Shape-shifter: she moves between realms, between forms: from girl to woman to deer to woman to deer [too woman, too dear] to woman and to deer
Again. it is she alone who causes the change but not she who
Decides it. prey in all forms pray in all forms. defense is hunger and
Hunger is defense, and her
Bones know both so well. i mourn for the forms unavailable. i would hide you in a
Hive, a Shadhbh, alive.
The story of the goddess Sadhbh (pronounced Sive) is one of my favorites. It is also one of the saddest and most intense, and given the canon that is Irish mythology, that’s really saying something. It goes something like this: Sadhbh is a goddess of the otherworld, of the ancient supernatural race known as the Tuatha Dé Danann (Tribe of the Gods). She is born into privilege, to wonderful parents. In some variations of the tale, she is royalty, the daughter of a king and queen. As a young girl, her life is a happy one, albeit sheltered. She loves music and spends time in her favorite valley where the deer run.
On the brink of womanhood, Sadhbh has a rude awakening to the evils of humanity. She is approached by her mother’s druid, a much older man called Fer Doirich/Fear Doirche (Dark Man). He confesses his love for her, that he cannot live without her. But his love is not pure, it is predatory. She realizes that her whole life, his attention, his personalized gifts were not innocent; he was grooming her. When she refuses him, in some versions of the tale, he turns her into a deer as punishment. In other versions, (including a version I heard recently which has quickly become by favorite by Sorcha Hegarty of Candlelit Tales), it is Sadhbh who turns herself into a deer as a defense mechanism. She strips herself of riches, her beauty, and her family to change into a form where she can blend in with the herd and outrun her predator. It is somewhat of an unconscious transformation in the way that women of every era since this tale was first told have changed themselves, protected themselves using various tactics of erasure and dissociation to hide from abuse, from the dangerous gaze.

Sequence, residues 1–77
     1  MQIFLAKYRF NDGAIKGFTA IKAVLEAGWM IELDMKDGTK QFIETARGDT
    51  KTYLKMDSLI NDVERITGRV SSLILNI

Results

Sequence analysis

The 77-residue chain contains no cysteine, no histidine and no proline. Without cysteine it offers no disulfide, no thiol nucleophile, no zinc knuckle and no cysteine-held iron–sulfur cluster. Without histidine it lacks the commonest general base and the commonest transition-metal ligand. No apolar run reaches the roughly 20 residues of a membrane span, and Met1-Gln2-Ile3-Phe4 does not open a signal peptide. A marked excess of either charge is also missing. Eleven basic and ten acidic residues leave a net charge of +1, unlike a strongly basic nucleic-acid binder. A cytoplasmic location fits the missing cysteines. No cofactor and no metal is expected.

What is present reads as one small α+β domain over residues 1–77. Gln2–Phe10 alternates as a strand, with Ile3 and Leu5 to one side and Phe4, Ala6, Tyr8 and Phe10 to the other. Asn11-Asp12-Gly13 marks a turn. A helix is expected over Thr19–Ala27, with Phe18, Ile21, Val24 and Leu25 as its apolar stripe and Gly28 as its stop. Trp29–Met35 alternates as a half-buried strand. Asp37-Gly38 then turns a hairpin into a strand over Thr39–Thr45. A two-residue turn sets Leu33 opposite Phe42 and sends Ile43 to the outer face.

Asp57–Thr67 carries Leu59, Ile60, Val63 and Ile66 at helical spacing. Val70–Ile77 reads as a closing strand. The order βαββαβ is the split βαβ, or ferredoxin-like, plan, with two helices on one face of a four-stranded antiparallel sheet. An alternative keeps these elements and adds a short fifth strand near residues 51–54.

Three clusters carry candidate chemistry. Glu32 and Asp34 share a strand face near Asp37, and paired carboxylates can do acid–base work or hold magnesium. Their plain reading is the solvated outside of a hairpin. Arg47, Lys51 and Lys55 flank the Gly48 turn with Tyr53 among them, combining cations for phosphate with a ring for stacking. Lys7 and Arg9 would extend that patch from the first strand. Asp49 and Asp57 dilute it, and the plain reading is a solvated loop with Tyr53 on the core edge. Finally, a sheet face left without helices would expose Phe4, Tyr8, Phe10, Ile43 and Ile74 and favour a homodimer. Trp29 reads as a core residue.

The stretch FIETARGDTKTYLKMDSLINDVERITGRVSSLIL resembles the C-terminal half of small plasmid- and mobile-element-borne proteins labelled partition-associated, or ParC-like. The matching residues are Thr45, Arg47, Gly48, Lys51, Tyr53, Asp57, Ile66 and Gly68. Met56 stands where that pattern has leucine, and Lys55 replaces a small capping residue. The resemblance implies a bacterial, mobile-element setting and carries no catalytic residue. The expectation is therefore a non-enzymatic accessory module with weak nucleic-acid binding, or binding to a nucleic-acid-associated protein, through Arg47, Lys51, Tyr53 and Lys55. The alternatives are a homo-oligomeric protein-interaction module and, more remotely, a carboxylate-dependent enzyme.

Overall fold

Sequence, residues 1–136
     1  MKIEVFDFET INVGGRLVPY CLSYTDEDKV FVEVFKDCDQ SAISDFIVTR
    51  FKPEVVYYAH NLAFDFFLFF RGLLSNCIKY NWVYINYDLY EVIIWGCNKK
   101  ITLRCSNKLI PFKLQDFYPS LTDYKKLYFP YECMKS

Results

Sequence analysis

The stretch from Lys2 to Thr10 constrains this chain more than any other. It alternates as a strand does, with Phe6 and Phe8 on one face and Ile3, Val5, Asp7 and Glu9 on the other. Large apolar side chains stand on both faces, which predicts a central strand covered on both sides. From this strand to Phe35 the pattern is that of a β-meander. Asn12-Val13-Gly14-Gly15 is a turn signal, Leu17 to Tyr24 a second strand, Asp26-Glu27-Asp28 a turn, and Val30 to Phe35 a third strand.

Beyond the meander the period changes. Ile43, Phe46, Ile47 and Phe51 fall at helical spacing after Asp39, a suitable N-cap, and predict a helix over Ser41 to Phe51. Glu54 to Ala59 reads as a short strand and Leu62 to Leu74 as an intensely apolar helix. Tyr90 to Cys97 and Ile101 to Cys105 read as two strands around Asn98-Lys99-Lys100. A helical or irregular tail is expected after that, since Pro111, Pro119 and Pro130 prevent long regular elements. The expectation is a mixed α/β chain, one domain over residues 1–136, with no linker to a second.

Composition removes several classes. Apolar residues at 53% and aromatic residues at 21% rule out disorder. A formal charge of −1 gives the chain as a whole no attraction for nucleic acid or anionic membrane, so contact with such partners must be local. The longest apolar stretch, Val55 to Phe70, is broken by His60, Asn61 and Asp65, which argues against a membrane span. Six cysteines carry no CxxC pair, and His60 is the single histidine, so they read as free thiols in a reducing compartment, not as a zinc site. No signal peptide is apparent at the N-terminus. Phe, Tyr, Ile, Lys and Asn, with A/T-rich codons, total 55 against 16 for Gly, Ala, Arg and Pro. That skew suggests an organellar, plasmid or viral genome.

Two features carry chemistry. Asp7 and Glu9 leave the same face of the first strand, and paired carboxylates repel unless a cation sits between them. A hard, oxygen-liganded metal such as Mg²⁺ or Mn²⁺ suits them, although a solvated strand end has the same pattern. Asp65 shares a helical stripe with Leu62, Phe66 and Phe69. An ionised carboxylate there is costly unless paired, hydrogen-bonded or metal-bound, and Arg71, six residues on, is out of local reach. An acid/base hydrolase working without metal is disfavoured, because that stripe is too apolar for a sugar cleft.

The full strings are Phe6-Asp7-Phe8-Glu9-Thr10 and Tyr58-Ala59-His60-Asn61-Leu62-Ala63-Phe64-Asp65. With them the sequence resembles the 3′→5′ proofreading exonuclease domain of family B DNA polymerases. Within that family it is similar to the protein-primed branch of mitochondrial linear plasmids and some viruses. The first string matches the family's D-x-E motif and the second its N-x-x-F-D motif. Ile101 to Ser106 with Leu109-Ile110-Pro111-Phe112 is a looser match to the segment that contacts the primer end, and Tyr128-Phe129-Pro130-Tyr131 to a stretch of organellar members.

Fer Doirich chases Sadhbh across Ireland. She is nearly hunted at every turn, by him, by hunters, and by hounds. Among them is the great legendary warrior Fionn Mac Cumhaill and his hounds. They chase her with spear and fang. But the moment Fionn sees her eyes, he is compelled to save her. There is something about her unlike the other deer, something human. He brings her back to his home so she will not be hunted. Within the safe walls of his castle, Sadhbh turns back into a woman. She and Fionn fall in love and Sadhbh becomes pregnant. But danger lurks always for Sadhbh; she knows Fer Doirich will never give up. Fionn goes off to battle, and Sadhbh misses him terribly. So when she finally sees him walking toward the castle with his trusty hounds Bran and Sceolan, she runs toward him and embraces him. It is then that the uncanny disguise unravels and Sadhbh’s heart sinks. Fer Doirich has tricked her with the dark powers of his hazel wand.
He drags her away from her beloved home and brings her through a portal to the otherworld, trapping her there in a valley bordered by sheer cliffs. He begs, threatens, cajoles, uses violence. When he realizes that Sadhbh is pregnant, that she has loved another, he is so angered by this that he leaves her alone. She lives in fear wondering if and when he’ll return, wondering if Fionn will ever know what happened to her. The only thing she knows for certain is that she must deliver this baby alone, and that she must turn back into a human before it’s time to give birth. Slowly, day by day, feature by feature, she transforms back, a slow and painful reclaiming of her true self. And when the transformation is complete, she gives birth to a son, and she is no longer alone.
But nothing gold can stay. Fer Doirich returns and attempts to take Sadhbh away once more, this time leaving her child alone in the valley where he will not be able to survive without his mother. Though the dark druid is stronger than Sadhbh, his powers greater, nothing can match the power of pure love and sacrifice. As he is about to bring her to another realm, it is the strength of Sadhbh’s will that hurls her son through in her place, out of limbo. The force of this causes she and Fer Doirich both to shatter. They vanish.
Fionn Mac Cumhaill searches the world over for his wife. Years and years go by, but she is nowhere to be found. When he comes across a boy of seven in his travels, and his hounds take a liking to him as they once did his mother, Fionn knows he has found his son. He names him Oisín (meaning ‘little fawn’) and brings him home.
Sadhbh is associated with goodness, the goddess of transformation, motherhood, love, and change. The versions of the tale where Sadhbh has agency, where she transforms herself (rather than be cursed into another form by the druid) ring the truest to me. It is something every woman knows well. She is vulnerable, unsafe, broken at times, but I don’t see her as a victim. She returns to herself for the sake of her son. She is able to love and trust Fionn fully though she has been traumatized by the only male attention she has known. And in the end, it is her sacrifice that saves her son, and therefore, a piece of herself.
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